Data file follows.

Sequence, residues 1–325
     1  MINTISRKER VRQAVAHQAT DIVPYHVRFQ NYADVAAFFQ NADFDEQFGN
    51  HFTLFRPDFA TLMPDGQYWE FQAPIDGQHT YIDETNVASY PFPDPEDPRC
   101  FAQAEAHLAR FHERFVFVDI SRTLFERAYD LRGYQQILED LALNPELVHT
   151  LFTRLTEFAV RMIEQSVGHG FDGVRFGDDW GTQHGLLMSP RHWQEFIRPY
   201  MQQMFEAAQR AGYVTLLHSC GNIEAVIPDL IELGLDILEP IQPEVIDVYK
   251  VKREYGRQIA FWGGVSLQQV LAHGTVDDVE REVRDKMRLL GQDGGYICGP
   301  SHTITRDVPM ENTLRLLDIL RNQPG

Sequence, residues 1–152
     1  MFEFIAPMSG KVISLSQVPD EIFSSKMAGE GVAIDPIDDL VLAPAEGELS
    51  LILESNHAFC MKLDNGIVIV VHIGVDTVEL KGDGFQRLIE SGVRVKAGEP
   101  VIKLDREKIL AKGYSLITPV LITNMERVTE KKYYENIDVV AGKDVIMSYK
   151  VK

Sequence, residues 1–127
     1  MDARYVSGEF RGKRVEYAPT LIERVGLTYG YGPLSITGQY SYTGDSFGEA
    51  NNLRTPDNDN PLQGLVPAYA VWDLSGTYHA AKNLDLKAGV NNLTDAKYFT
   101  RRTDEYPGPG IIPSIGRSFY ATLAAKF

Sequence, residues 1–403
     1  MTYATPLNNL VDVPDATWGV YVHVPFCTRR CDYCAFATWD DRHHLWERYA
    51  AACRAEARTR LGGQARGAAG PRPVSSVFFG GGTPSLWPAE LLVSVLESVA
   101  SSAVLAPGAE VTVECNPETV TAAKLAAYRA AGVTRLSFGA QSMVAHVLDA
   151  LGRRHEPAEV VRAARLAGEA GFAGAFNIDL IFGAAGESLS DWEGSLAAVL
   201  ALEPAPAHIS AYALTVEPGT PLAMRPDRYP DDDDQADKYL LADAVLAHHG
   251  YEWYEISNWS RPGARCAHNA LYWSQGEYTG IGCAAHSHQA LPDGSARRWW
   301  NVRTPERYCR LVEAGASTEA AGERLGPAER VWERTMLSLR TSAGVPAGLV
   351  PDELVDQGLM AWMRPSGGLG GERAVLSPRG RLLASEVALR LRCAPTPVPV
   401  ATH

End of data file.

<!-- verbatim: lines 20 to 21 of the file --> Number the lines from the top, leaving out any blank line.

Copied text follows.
    51  AACRAEARTR LGGQARGAAG PRPVSSVFFG GGTPSLWPAE LLVSVLESVA
   101  SSAVLAPGAE VTVECNPETV TAAKLAAYRA AGVTRLSFGA QSMVAHVLDA